Madison County commissioners are frequently asked to consider taking over the maintenance of certain private roads in the county. But the group is always hesitant, because there are 140 private roads and not enough money to take over all of them.
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The Madison County Board of Education unanimously agreed at its January meeting to send a letter to the Georgia Department of Transportation (DOT) concerning the need for a traffic light at the new Hwy. 72 Comer bypass.
The letter was addressed to DOT commissioner Russell McMurray and began by thanking the DOT for their help in constructing a turning lane at Comer Elementary, which is located just a few hundred feet from the new bypass, which will intersect Hwy. 98 just west of the school.
“Your response to this issue has prevented accidents from occurring,” the board wrote. “Once again, the (school system) is in need of your assistance at Comer Elementary.”
The board noted that other county officials have already sent letters of concern about the proposed intersection and the DOT’s intention to install stop signs in both directions on Hwy. 98, instead of a traffic light.
Comer mayor Jody Blackmon recently addressed the board about this issue, citing the dangers he foresees if a traffic light is not installed and urging everyone to contact state officials about the matter before a major accident occurs.
“As you know, school traffic brings a dynamic difference to traffic flow at any intersection,” the board wrote to McMurray. “We are very concerned that school buses will be attempting to cross this four lane intersection during peak school traffic times. When you add parent drivers, student drivers and the normal traffic on Hwy. 98, the probability for an accident is great. Hwy. 98 is a popular route for log trucks traveling west to wood processing plants in Commerce, GA.”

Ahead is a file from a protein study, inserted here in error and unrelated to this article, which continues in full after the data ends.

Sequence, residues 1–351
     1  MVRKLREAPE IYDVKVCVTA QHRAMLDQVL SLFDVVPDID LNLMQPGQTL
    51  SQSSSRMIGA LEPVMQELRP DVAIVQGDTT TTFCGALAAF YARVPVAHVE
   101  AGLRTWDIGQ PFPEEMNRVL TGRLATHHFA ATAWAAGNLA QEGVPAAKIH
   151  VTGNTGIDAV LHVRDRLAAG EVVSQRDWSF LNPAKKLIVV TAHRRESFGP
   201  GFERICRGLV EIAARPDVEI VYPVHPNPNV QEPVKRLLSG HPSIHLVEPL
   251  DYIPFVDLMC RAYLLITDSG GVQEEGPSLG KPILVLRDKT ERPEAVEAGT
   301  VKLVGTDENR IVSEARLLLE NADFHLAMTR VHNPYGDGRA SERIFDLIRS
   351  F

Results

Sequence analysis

Board members told McMurray they were “confident” he would recommend a traffic light at this intersection if he actually saw it in person.
“Our prayer is that your will place a traffic light at this location,” the letter continued. “We are very concerned that a serious accident will occur without a light. As school officials, we bear the burden and responsibility for our students’ safety. The safety of students traveling through this intersection will be in great jeopardy without a traffic light. Please help us protect our children!”
In other business, superintendent Dr. Allen McCannon noted that the school board had received the Distinguished Board Recognition from the Georgia School Boards Association again this year.
During special recognition, Dr. McCannon recognized advisor John Lastly and members of the MCMS FFA Dairy Judging Team for placing second at the State Jr. Dairy Judging Career Development Event. He also noted that one member placed first at state as an individual.
McCannon also recognized teacher Sara Brubaker (Hull-Sanford), Kathy Wheeler (Colbert), Jennifer Gibbons (Colbert), Sam Rafal (MCMS), Allison Daniels (Ila) and Windy Dalton (Ila) for the recognition/commendation by the Dept. of Education for their use of GA SLDS (Statewide Longitudinal Data System). He noted that these teachers viewed over 500 pages of student data and resources.
The board approved the calendar year 2016 and January 2017 board of education regular meeting calendar. The board will meet on the second Tuesday of each month at the board of education professional learning center on Madison Street (old middle school) at 7 p.m., with the exception of the month of July. That month, the board will meet the third Tuesday of the month, July 19, at 7 p.m.
The Danielsville City Council will hold a public hearing at 7 p.m., Jan. 11, at Danielsville City Hall at 10 Government Circle, Danielsville to consider a Class A malt beverages and wine retail license for Destiny Food Store #2 at 746 Hwy. 29 N., Danielsville.